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It is my pleasure to represent the American people at this signing of two agreements to support Project Mercy’s inspiring work to improve the health and livelihoods of communities in Yetebon and Chacha. Shortly after I arrived in Ethiopia in 2010, I had the pleasure of visiting Project Mercy and learning about the wonderful work being done by Marta and Deme. Last January, USAID Administrator Raj Shah and Senator James Inhofe came from Washington to see the remarkable work being done here. I am pleased to be here once again to see the progress that has been made since 2010. I am especially pleased to launch two U.S. assistance activities that strengthen and expand existing Project Mercy projects, and which move beyond emergency food and medical assistance to our shared goals of ending preventable deaths of mothers and children and promoting sustainable development in the communities where Project Mercy operates for generations to come.
Project Mercy is guided by the untiring and generous leadership of Marta and Deme. They provide a model for community development. They are motivated by their faith and their belief that people can achieve much if given a little guidance and assistance. Marta and Deme are also role models for how members of the Ethiopian Diaspora can contribute to Ethiopia’s development. When they returned to Ethiopia from the United States, they decided they would make a difference by becoming partners in the development of their communities. This approach respects the dignity of people and affords them an opportunity to unlock their own potential.
Project Mercy educates more than 1,600 children, giving them the essential key to opportunity – the ability to read and write. Project Mercy provides health care and health education and promotes improvements in every aspect of community life, from food supply to housing to hygiene. Their work benefits some 70,000 people.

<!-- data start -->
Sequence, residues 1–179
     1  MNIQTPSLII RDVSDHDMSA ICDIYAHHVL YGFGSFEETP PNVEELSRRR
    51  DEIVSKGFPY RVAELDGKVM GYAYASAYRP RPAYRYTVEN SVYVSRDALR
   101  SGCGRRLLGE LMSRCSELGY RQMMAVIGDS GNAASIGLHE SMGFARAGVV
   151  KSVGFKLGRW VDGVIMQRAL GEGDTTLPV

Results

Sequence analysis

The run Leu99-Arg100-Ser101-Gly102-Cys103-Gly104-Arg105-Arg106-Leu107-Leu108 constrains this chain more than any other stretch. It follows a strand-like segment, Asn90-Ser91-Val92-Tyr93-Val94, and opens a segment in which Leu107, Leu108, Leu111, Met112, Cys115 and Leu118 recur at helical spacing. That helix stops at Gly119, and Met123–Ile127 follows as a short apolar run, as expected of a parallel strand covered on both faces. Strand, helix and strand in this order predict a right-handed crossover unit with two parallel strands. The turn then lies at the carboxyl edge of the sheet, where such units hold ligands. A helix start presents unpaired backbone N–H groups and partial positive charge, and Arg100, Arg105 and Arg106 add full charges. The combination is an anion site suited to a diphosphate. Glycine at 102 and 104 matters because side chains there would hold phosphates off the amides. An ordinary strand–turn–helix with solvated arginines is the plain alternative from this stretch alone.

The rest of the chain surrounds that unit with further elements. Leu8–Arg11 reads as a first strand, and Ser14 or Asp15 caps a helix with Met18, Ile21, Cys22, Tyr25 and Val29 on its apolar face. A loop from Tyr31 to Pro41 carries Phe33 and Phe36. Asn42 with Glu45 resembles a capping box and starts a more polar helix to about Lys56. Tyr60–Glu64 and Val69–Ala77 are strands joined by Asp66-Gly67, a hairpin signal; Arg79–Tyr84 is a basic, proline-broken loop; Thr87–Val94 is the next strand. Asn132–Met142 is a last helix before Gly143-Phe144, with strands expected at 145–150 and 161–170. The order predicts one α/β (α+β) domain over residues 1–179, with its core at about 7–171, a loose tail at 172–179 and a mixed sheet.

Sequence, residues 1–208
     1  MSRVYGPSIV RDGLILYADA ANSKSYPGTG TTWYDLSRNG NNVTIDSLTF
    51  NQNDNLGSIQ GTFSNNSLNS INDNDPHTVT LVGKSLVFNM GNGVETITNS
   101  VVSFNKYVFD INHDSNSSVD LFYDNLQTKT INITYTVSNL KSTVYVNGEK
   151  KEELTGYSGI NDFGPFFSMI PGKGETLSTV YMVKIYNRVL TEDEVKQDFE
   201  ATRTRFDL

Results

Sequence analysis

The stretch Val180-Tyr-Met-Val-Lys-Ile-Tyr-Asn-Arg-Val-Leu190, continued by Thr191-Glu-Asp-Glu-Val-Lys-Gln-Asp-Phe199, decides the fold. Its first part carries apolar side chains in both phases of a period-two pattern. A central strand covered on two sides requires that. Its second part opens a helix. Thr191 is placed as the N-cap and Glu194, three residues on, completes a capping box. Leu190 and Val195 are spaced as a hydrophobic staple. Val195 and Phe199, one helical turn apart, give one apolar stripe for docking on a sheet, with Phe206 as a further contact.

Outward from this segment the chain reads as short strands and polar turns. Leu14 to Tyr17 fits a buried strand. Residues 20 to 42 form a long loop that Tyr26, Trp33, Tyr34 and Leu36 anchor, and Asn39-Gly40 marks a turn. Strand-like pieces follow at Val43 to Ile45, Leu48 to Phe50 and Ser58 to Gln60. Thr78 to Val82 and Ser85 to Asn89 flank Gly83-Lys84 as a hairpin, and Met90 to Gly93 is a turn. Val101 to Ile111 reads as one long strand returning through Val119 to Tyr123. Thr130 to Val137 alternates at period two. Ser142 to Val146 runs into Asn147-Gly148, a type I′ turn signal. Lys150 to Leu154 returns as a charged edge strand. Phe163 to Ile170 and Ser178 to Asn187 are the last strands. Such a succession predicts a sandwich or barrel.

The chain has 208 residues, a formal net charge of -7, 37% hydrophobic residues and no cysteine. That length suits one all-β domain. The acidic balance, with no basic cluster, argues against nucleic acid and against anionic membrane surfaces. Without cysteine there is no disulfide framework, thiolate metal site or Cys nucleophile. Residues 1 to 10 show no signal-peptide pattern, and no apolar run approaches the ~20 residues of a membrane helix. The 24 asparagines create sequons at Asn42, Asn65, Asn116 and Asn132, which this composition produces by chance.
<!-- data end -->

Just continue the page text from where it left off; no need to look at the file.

Today, along with our USAID implementing partners, CNFA, Jhpiego, and Project Mercy, we are launching two initiatives. The first is here at Project Mercy’s hospital in Yetebon. As part of USAID’s Human Resources for Health project, Jhpiego will greatly expand midwife training and community education to save the lives of mothers and newborns. Because women traditionally have not had or chosen not to use skilled assistance at medical facilities, like the one here, too many have died unnecessarily giving birth, or they have lost their infants in the first year of life. Over the next four years, 400 midwives will be trained here and some 3,000 mothers and children will benefit directly from the support to maternal and child health services.
The second initiative is part of Project Mercy’s activities in Chacha in the Amhara region. Through USAID’s Livestock Market Development project, CNFA experts will improve the ability of 65 families to manage dairy cows and increase production. Over the two years of the project, families will improve their nutrition and earn income from sales of dairy products.
Ethiopian families are very conscious of the nutritional importance of milk, particularly for children. But poor genetics in the cows, insufficient access to proper animal feed, and poor management practices all contribute to low productivity levels. Similarly, there are many challenges in getting the milk to market.
Project Mercy embarked upon a program to cross-breed high-producing milk cows from the United States with local cows. Now, farmers will have access to crossbred dairy heifers and feed supplies on a commercially sustainable basis. The Project Mercy farm is ready to provide 15 heifers to 15 households in 2013, and 50 additional heifers to 50 households in 2014. Our cooperation will link the targeted households to markets to ensure that milk produced by these heifers is converted into household income estimated at approximately USD$1,200 per household, or about 22,000 Birr, by 2014.
Improving the health and economic status of Ethiopians is a collaborative endeavor between government, donors, business and non-profit organizations. None can do it alone. Enterprising, community-focused nongovernmental organizations like Project Mercy are an important part of the development effort in any nation, including my own. This is why I am proud that Project Mercy will receive assistance from the U.S. Government valued at almost two million dollars. This will greatly enhance the impact of the donations that private Americans make to Project Mercy.
I commend and encourage organizations, such as Project Mercy, which complement and work in partnership with government efforts to help move Ethiopians closer to their aspirations for growth and transformation, peace and prosperity.
Remarks by U.S. Ambassador to Ethiopia Donald E. Booth [PDF, 143 KB]
Last updated: August 12, 2014